Plenty of shows bring together paintings of figures and objects in unusual contexts or brought into unexpected conjunctions: the words ‘uncanny’ and ‘enigmatic’, ‘disturbing’ and ‘surreal’ are likely to be invoked. But, even if the paintings are good, you need more to turn such a display into a compelling whole. Two current exhibitions demonstrate how:
A spinning Earth, a forest, bananas, portraits and riding up walls.
At the fringes of Mayfair, a striking pair of artists have built twinned monuments to the power of disruption and… Read More
The real gem of a show can be found upstairs in the Sackler Wing. Filling the walls of the Sackler galleries with a collection of huge, sumptuous paintings featuring a cacophony of colourful animals and characters, is Michael Armitage.
Destroyed cabins, rubber tanks and a camera obscura.
As the art world digests Frieze’s first in person event for almost a year, Curator Bakul Patki shares her favourite artists from Frame – the fair’s platform for galleries that have been active for 10 years or less.
Ebony G. Patterson’s new large scales tapestries create immersive environments that physically echo the exhibition’s title “She is Land..She is Mourning”.
At the core of Frieze New York’s 2021 programming was the Tribute to the Vision & Justice Project. Founded by Sarah Elizabeth Lewis, an associate professor at Harvard University, the project aims to consider the role of the arts in unraveling the relationship between race and citizenship in the U.S.
Paolo Canevari’s latest exhibition distils his artwork’s contention between the power of mankind, and the possibilities of polyvalence. Showing now at the Cardi Gallery in London, Canevari’s retrospective “Self-Portrait / Autoritratto” wrestles with his metamorphic practice, developed over the last thirty years.
5 exhibitions to see in the early weeks of May.
Gretchen Andrew’s most recent exhibition “Other Forms of Travel” is a playful testament to the power of art in the… Read More
Offline or online this week’s top 5 has you covered either way.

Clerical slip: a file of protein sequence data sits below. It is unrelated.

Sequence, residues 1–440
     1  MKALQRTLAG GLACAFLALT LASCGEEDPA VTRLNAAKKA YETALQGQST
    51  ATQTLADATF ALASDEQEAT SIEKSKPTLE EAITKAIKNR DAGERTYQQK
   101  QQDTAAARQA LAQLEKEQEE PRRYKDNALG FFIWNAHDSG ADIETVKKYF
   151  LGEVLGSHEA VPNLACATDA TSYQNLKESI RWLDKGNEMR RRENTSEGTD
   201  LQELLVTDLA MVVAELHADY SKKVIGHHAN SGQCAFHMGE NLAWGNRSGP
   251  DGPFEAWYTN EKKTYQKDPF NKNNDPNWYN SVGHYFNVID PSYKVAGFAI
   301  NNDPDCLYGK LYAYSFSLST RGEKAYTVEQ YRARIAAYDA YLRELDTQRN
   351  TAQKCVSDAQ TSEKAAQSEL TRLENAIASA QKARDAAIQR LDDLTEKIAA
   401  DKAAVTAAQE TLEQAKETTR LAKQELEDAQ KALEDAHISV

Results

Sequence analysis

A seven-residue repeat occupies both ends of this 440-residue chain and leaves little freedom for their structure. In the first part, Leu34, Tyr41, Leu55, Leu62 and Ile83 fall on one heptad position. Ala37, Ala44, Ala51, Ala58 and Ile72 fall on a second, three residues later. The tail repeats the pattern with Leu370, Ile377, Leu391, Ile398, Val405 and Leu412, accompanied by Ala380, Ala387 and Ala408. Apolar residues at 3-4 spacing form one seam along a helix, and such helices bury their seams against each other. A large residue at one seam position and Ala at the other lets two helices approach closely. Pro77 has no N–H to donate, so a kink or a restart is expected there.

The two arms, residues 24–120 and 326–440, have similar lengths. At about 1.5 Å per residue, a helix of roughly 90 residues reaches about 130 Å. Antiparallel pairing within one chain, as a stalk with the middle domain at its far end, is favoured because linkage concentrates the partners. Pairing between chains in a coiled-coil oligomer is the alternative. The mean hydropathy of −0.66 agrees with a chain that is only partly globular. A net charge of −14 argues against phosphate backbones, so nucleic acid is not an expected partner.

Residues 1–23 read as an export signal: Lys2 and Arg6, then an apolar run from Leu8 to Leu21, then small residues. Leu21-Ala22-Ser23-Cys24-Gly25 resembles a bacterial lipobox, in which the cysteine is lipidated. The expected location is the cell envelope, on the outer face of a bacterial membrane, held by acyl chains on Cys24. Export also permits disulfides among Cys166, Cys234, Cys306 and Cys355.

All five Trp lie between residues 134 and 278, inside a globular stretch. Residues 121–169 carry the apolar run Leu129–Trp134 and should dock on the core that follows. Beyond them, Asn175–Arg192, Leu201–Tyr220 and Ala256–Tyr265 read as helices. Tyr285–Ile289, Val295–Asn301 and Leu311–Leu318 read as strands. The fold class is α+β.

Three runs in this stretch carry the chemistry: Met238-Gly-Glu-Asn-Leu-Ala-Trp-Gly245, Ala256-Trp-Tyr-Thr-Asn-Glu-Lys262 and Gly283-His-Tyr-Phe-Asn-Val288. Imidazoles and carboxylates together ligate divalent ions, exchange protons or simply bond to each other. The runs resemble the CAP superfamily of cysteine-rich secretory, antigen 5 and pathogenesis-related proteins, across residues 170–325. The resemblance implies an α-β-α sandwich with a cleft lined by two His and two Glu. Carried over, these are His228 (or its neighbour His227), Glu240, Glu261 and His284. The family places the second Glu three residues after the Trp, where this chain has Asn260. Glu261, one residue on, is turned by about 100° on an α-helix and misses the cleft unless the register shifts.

Rachel Whiteread’s latest exhibition, “Internal Objects’, is an ode to lost bodies and the ghosts of our language. Showing now at Gagosian in London, Whiteread’s sculpture gives a unique incarnation to the uncanny, through its focus on the specific process by which familiar shapes and objects can be made alien to their observer.
Whether you’re ready to visit galleries or would prefer to stay at home, 5 exhibitions everyone can access,
A Plus A just opened ‘Armor‘, the solo-show by recent graduate Maddalena Tesser. The artist presents a series of new… Read More
‘Trellis: Public Art’ is a programme of knowledge exchange between researchers and artists in the East End.
“…the University will have to become one place, among others, where the attempt is made to think the social bond… Read More
Tabish Khan the @LondonArtCritic picks five exhibitions to see in person now that galleries are opening again this week. Each one comes with a concise review to help you decide whether it’s for you
Arturo Herrera’s most recent work, exhibited in “From This Day Forwards” is a phenomenological shotgun blast. Showing at the Thomas Dane Gallery in London, soon to be freed from the restraints of a Covid-19 Lockdown, Herrera’s dynamic collage works most prominently to overwhelm the senses, in a blitz of overlapping imagery and colour, even as we vehemently struggle to understand it.